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Idit Miller, EMRC VP: Africa needs more regional collaboration

Posted on Wednesday, 16 November 2011 18:33

Idit Miller, EMRC International Vice President and founding member, speaks to The Africa Report about how the business of agriculture must be carried through by Africa’s small scale farmers, if it is to be successful, and why the private sector and governments must wake up to this reality.

The Africa Report: What is the importance of initiatives like the AgriBusiness Forum for the everyday African farmer?

Idit Miller: The importance of this is crucial – introducing to local farmers engaging in subsistence agriculture to the tools of transformation – whether it is mechanisation and the use of tractors, or value-added production. Agriculture is a major global industry and our objective is to bring some of that business to Africa. There is no other sustainable alternative to the situation.

Is there a critical need to further engage and unpack regional initiatives regarding shared resources (like water basins) or even issues like logistics?

We heard at the just ended EMRC forum in Durban that at least 25 percent of the costs involved in trade is simply transport, it is logistics. We need to have more regional collaboration to lower these costs, exporting, for instance, to our neighbours, rather than solely importing and exporting to European countries. The potential for regional trade is vast and is being developed – if we look at the SADC and other agreements. We need better and more focused rules on regional interaction whether it is regarding shared regional resources or logistical issues.

What were the obstacles in developing ‘small agriculture in big Africa’ as a successful initiative, given that it is usually corporate-state or corporate-corporate deals that garner attention and are perceived as ‘credible’?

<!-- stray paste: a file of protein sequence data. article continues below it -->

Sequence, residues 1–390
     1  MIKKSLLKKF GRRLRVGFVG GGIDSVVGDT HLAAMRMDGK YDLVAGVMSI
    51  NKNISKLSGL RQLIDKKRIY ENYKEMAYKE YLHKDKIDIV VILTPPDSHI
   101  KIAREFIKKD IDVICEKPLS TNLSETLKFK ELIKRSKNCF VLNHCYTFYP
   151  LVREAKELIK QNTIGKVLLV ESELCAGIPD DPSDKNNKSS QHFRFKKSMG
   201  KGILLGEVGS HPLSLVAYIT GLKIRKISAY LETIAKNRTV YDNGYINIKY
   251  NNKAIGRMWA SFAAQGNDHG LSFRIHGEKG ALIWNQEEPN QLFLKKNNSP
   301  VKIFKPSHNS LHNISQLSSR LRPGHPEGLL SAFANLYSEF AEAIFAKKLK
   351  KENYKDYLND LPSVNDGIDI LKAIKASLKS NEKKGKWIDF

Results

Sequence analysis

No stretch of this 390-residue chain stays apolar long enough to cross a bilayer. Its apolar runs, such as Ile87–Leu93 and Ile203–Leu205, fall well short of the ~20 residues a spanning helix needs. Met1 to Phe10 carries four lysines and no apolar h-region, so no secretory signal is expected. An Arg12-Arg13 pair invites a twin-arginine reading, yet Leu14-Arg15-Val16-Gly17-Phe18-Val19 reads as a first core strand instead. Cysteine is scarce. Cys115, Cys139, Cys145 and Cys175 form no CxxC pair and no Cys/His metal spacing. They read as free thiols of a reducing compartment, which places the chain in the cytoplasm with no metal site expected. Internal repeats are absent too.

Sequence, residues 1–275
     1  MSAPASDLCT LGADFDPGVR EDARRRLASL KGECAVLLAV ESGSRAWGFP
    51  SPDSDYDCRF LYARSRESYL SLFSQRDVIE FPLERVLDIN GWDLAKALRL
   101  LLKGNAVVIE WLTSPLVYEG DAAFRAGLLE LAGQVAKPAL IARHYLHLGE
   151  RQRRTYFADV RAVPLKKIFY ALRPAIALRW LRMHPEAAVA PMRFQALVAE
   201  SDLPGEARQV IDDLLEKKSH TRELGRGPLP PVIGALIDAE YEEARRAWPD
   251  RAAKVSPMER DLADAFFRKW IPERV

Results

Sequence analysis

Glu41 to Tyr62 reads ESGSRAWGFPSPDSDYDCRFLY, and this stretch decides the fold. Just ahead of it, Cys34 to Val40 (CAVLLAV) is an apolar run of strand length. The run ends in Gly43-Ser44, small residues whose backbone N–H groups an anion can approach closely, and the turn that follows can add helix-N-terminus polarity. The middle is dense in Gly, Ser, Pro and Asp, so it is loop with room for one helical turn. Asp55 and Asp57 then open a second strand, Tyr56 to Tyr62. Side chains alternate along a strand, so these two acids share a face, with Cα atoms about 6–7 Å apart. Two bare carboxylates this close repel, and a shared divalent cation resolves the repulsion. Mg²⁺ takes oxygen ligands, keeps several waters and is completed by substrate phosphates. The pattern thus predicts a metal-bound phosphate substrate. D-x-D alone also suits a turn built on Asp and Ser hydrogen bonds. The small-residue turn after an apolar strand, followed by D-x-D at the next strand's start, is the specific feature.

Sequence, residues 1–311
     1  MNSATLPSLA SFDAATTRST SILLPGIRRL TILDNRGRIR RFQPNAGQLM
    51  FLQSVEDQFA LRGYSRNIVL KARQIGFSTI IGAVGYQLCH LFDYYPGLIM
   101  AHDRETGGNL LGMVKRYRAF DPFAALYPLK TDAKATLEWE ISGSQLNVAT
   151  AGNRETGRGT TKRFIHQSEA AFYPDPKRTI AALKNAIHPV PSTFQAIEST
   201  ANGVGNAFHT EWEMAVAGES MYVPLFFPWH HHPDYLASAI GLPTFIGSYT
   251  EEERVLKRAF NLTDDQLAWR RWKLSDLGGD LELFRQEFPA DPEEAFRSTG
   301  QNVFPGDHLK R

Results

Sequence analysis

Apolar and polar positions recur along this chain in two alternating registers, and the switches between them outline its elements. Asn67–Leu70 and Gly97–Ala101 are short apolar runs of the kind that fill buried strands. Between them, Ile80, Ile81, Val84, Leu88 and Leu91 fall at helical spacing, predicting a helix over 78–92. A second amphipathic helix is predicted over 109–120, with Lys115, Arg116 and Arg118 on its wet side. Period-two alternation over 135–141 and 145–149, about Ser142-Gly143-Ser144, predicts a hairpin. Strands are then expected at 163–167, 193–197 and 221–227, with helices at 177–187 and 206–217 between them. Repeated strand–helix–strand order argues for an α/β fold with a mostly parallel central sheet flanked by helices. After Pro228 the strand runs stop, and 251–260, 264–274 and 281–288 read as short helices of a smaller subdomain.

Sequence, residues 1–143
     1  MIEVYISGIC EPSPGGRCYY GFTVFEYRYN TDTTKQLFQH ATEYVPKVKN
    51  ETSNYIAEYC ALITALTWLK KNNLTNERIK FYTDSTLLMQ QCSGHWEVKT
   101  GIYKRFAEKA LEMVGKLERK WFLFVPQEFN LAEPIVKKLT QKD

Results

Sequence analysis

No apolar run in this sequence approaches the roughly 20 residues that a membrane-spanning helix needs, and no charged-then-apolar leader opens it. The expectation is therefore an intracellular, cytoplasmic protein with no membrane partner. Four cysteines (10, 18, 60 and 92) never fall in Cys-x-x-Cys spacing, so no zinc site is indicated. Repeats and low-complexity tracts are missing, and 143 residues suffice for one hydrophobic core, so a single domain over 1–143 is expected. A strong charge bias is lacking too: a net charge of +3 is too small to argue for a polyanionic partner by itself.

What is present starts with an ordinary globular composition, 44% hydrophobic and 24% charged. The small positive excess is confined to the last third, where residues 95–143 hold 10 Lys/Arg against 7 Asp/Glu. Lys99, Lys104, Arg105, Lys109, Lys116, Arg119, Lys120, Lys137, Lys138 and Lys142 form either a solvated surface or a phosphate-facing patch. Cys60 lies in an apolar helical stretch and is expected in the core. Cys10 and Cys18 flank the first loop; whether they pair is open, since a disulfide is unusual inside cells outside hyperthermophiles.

The challenges were many and overcoming it, as we still are in the process of, was difficult. The first obstacle was convincing potential partners – developed nations, organizations and investors that Africa was ready and right for this important initiative. We know all about the problems – from training to equipment, tenure insecurity and other related legal issues, but across the continent, the people are wonderful and warm, they are hard workers and embracing this concept. We have succeeded, for example, in introducing partners like Rabobank to countries like Cameroon and Cote d’Ivoire. Now, they have four micro-finance initiatives in Africa (mainly in Eastern and Southern areas).

How relevant is the agricultural futures exchange, example, information sharing, to the everyday African farmer, and more broadly, cooperatives…?

It is very important. You do have governments that are entering into the futures exchange, mainly in the SADC regions, and this is critical to the development and success of the agricultural industry across the continent.

Why was Africa identified by your team as a potential site?

It was a willingness to help. We started out, 19 years ago, in Europe, working with the Eastern countries that would become part of the EU. We came across Africa almost by coincidence, when projects and ideas were brought our way. For the past 15 years we have been working solely with the continent, looking for and developing opportunities.

Do you agree with the FAO’s statement that agriculture must be underpinned by private sector?

The government has to be the number one player when it comes to the big projects – energy, infrastructure, and very importantly, the law. Without secure, property rights and titles, there is no security and confidence for domestic or foreign parties. The government, however, must enable the environment. They have shown that they do not know how to develop the agricultural industry as a commercially viable business. This must be led by the private sector.

What are your thoughts on the ‘barter exchange’ mega-scale, resource specific, engagement between China (and Chinese corporations) and African states – a good model, or benevolently exploitative?

This is a very delicate point. Certainly, China has brought considerable investment and business to Africa. But, as I always tell our members, their destiny is in their own hands. Nobody can do it for them like they can do it for themselves. China’s primary interest is their own populations and their own business interests on the continent. African governments must be more involved in this initiative rather than simply selling their raw materials at a very low cost. This engagement must not be based on political motivations, but rather, market-driven systems — then, prices will be higher, demand will be higher, investors will be confident.

Also read:
Agribusiness: Make our garden grow
Palm Oil: You reap what you sow
Palm-Oil springs in Africa
$14 million cocoa project for four African states

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